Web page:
A friend of the court (amicus) brief explaining the fundamentals of compliance programs should be prepared, possibly by a new working group led by former DOJ and SEC officials, facilitated by the Rand Center for Corporate Ethics and Governance. The door is open for the opportunity.
The SEC recently used an amicus brief to influence an important compliance case. Also, for example, in last week’s U. S. Supreme Court case concerning whistleblower protections, ten amicus briefs were filed, including one by five “Former SEC Officials.” Although the compliance profession could take advantage of the rules of many courts permitting an amicus brief, it hasn’t happened yet.
At its annual conference In 2011, the Rand Center considered a proposal co-authored by the SCCE’s Director for Public Policy, Joseph Murphy, for a facilitated working group on whistleblower issues. This year, a working group for one or more amicus briefs to support compliance officers might be convened by a sponsoring organization like the Rand Center.
It’s apparent from the sparse language in published opinions that some Judges probably aren’t aware of the work compliance officers do or find them irrelevant. Other judges see compliance officers only through the lens of troubling cases that come before them involving failed, ‘paper’ compliance programs, where compliance officers are window dressing or are overwhelmed by C-suite misconduct.
An amicus brief could address this confusion by explaining what compliance officers do in truly effective compliance programs.
In a 2006 case concerning a failed compliance program, the judge’s opinion nevertheless included rare praise for the role of compliance officers:
Corporate compliance officers are very much today’s corporate “fire personnel.” They are often the company’s ‘first responders’ and must focus on both proactive and reactive efforts to be effective.
One wishes such opinions were not so rare, or short, and came from higher courts in better cases. Imagine the impact if senior management, lawmakers and the public could read judicial opinions with accurate representations of both compliance officer’s work and the public’s stake in effective compliance programs. Moreover, for non-American compliance officers, the opinions might have a global ripple effect, encouraging courts abroad to protect the local compliance officers who often work under dangerous conditions when they oppose entrenched corruption.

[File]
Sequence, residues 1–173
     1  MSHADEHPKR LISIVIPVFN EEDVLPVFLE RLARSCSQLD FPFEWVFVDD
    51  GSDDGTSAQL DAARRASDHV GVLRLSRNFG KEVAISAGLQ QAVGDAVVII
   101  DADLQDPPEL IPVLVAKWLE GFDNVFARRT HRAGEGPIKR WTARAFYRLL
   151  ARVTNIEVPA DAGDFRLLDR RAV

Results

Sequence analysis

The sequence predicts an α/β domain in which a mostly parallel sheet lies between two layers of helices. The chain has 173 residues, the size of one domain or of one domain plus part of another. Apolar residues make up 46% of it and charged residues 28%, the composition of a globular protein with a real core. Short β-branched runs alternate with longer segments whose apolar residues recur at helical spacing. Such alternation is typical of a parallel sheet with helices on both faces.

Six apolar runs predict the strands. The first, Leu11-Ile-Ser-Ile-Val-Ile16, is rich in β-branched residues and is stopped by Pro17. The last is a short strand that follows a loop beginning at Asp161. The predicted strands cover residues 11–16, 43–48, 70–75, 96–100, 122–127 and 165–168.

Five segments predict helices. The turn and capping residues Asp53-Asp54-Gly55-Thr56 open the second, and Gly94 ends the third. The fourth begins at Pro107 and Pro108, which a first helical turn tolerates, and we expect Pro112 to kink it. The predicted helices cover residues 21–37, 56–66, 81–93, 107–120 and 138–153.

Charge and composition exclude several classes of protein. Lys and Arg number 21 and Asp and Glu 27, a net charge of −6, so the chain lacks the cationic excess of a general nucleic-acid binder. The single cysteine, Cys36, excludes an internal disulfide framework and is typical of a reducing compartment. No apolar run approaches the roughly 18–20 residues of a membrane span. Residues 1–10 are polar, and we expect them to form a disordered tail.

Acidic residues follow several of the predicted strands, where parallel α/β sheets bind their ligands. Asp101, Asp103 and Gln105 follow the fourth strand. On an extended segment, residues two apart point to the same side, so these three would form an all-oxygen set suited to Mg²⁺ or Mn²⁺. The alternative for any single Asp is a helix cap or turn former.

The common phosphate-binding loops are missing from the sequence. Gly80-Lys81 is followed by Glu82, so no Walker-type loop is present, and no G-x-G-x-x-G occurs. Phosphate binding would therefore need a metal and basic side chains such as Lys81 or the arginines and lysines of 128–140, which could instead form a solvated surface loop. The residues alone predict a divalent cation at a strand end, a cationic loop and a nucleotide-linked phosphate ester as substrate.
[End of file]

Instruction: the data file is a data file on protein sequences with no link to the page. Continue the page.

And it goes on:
Could a law firm with a compliance practice expand its current pro bono work to help compliance officers? How would existing corporate clients react? Former senior DOJ and SEC officials, now law firm partners, are a good source of leadership for an amicus brief, because they know what compliance officers do and they command respect. If they authored a brief, it might be the critical step needed to draw broad-based endorsements and push these issues to a tipping point.
Finally, the compliance community will need to contribute toward a consensus amicus brief that sets forth the fundamentals of compliance programs and their critical contributions to the public’s welfare. A working group including compliance experts and former DOJ and SEC officials could be the way forward.
Michael Scher is a contributing editor of the FCPA Blog. He has over three decades of experience as a senior compliance officer and attorney for international transactions. He is affiliated with ethiXbase, the owner of the FCPA Blog. He can be contacted here.
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